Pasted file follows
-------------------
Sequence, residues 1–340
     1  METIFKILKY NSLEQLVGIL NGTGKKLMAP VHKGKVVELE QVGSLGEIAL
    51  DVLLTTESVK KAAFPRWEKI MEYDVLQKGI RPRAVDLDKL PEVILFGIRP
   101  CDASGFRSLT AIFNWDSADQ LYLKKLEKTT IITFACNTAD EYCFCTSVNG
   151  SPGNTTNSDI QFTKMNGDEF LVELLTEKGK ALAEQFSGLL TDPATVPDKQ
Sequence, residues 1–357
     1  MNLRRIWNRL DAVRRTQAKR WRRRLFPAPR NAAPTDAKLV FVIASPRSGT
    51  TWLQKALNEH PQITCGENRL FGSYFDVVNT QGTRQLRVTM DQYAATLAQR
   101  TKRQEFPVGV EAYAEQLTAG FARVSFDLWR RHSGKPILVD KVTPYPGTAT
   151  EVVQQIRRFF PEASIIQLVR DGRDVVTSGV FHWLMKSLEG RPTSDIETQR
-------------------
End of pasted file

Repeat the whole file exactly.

Sequence, residues 1–340
     1  METIFKILKY NSLEQLVGIL NGTGKKLMAP VHKGKVVELE QVGSLGEIAL
    51  DVLLTTESVK KAAFPRWEKI MEYDVLQKGI RPRAVDLDKL PEVILFGIRP
   101  CDASGFRSLT AIFNWDSADQ LYLKKLEKTT IITFACNTAD EYCFCTSVNG
   151  SPGNTTNSDI QFTKMNGDEF LVELLTEKGK ALAEQFSGLL TDPATVPDKQ
Sequence, residues 1–357
     1  MNLRRIWNRL DAVRRTQAKR WRRRLFPAPR NAAPTDAKLV FVIASPRSGT
    51  TWLQKALNEH PQITCGENRL FGSYFDVVNT QGTRQLRVTM DQYAATLAQR
   101  TKRQEFPVGV EAYAEQLTAG FARVSFDLWR RHSGKPILVD KVTPYPGTAT
   151  EVVQQIRRFF PEASIIQLVR DGRDVVTSGV FHWLMKSLEG RPTSDIETQR